Sunday, 13 April 2014

Brief Review of "Vertigo" (1958)

Hitchcock’s Vertigo is a perfectly paranoid thriller about trickery, fear and obsession. The narrative follows James Steward as John “Scottie” Ferguson, a retiring detective who suffers from acrophobia and vertigo. Through the film’s abstract subterfuge of eerie effects and dizzying (vertigo-inducing, one might say) editing, we watch as Scottie investigates a mystery that makes him lose his mind.

The film’s second act is difficult for the viewer, as events twist about awkwardly and Scottie is plagued by an unrelatable madness, so it is fortunate that the first act introduces us to an exceptionally engaging mystery. We, with Scottie, investigate Madelein, an inscrutable yet beautiful woman who does not seem to make sense. Scottie’s obsession with Madelein escalates dramatically until the shocking moment when she plunges to her death from the tower of a mission. From that point his obsession is thrown out of focus, and he projects his mania into hallucinating that other women around him are Madelein. Editing trickery allows Hitchcock to make us see what Scottie sees: recurring instances of approaching women who appear to be Madelein, then change into a stranger as they come closer.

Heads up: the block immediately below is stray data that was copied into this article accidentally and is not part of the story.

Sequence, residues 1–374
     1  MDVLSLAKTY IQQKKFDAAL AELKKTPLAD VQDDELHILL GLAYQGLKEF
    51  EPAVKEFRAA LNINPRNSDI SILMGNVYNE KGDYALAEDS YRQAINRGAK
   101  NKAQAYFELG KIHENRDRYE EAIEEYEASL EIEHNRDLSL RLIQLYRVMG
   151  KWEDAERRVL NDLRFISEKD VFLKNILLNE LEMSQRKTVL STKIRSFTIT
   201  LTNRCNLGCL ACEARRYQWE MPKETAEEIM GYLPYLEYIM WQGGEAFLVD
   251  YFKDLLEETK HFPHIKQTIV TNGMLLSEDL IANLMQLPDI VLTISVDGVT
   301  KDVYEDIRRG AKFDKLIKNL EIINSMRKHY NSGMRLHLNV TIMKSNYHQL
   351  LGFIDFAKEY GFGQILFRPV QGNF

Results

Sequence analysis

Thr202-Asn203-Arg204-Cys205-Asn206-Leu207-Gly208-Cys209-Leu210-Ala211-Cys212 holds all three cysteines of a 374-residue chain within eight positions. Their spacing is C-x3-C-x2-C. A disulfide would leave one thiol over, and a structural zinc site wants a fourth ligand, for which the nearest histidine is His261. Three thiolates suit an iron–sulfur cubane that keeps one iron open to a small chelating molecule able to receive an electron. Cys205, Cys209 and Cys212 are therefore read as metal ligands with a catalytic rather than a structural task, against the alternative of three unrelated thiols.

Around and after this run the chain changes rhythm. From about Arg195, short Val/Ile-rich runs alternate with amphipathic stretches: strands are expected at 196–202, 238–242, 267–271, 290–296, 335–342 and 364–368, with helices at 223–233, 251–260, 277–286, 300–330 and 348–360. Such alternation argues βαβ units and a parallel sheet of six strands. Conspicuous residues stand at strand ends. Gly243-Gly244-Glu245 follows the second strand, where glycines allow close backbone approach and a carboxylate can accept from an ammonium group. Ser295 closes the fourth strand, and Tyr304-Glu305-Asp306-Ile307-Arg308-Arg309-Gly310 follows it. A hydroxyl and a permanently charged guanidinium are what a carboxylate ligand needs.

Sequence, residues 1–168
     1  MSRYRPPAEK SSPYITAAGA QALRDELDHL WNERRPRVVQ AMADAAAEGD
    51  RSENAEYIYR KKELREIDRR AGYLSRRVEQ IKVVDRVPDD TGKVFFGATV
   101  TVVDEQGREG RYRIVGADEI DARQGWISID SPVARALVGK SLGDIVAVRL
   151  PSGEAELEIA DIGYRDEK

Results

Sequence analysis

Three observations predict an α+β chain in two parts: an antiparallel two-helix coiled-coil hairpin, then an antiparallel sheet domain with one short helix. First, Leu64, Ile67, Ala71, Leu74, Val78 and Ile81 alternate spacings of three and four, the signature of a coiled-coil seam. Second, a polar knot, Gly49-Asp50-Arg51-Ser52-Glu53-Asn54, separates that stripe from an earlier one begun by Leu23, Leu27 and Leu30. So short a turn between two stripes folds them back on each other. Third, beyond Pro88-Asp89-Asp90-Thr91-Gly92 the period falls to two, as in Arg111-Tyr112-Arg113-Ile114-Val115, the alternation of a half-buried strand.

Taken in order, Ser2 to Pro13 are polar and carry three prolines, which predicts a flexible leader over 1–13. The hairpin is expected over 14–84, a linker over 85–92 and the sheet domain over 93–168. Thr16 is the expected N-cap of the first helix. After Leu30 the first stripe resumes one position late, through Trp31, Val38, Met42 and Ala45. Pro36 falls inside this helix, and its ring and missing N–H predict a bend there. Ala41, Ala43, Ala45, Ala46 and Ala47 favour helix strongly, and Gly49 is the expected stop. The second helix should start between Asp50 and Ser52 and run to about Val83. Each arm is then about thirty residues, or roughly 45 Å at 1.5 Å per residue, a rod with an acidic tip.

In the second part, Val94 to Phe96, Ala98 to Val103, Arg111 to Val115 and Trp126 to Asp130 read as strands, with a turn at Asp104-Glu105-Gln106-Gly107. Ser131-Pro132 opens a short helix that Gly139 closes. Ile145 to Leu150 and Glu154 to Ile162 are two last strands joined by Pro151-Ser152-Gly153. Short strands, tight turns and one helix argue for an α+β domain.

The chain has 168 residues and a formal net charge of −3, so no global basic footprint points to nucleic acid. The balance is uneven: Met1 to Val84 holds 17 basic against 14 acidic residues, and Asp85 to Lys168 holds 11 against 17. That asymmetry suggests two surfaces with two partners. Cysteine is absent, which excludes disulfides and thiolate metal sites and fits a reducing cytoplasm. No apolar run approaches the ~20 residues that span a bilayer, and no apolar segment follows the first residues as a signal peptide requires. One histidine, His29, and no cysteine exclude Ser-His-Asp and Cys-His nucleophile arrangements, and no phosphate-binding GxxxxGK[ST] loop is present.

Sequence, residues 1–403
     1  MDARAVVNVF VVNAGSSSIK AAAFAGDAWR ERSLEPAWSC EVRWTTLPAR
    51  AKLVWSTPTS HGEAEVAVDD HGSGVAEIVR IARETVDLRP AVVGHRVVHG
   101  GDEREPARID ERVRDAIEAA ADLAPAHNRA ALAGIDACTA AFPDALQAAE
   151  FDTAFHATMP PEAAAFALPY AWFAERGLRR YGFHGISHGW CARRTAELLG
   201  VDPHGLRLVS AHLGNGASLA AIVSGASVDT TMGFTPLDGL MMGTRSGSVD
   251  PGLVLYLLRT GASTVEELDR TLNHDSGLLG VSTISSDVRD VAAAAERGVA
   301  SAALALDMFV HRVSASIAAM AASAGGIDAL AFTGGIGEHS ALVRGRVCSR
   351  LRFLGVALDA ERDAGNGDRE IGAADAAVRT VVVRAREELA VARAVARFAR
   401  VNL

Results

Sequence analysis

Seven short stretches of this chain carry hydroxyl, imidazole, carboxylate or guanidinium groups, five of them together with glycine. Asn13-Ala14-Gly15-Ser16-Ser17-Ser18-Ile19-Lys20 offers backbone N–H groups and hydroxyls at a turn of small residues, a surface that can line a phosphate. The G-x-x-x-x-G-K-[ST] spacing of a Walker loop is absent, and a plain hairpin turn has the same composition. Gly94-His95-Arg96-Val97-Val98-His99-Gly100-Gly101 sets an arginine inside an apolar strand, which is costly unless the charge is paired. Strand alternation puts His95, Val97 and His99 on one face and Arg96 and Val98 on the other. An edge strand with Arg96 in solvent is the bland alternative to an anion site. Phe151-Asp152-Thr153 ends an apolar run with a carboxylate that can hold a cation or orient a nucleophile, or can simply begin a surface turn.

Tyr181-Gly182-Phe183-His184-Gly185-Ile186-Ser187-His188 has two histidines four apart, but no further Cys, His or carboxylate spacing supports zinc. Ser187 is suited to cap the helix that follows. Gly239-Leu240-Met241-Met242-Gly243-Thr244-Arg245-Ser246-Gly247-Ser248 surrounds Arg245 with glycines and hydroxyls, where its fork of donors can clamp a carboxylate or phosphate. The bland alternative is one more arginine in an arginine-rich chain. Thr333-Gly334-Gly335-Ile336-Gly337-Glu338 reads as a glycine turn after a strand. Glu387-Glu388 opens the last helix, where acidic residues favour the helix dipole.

Scottie fixates on a particular woman who looks like Madelein (whom, fate has it, is Judy, the woman who impersonated Madelein as a part of a murder plot). In his mad attempt to have the unattainable, Scottie works to craft Judy’s appearance into that of Madelein, despite her understandable protests. In this way his “love” is shown to be entirely self-indulgent.

Bernard Herrmann’s score is divine. Punchy and often bombastic, the music punctuates the film’s action and emotional beats from the word go, providing a rather affecting visceral experience. The score is as obsessed with its key romantic melody as Scottie is with Madeleine. It is a beautiful theme which is reprised dozens of times throughout the film to emphasise the heightened relationship. However, as with the reality of the relationship, the melody - when played in its complete form - flows from swirling beauty into a troubled stumbling of emotions.

The question arises of whether or not Vertigo is a romantic film. There are elements of romance, as Scottie is clearly infatuated by Madeleine and he pursues her like a lover. However, particularly in the final act, he is not very loving in his actions. He dominates Judy and drives her into a worked-up state of fear through his desperate madness. There are many instances in the second half of the film where it would feel appropriate for the film to end, but they are glazed by. Instead the characters go all the way into the madness, keeping the narrative alive until Judy dies like Madeleine, and then ending abruptly in that moment of horror. Vertigo can be perceived as an anti-romance film. It’s a story in which love - one of humanity’s most optimistic traits - is twisted into dark, narcissistic obsession.

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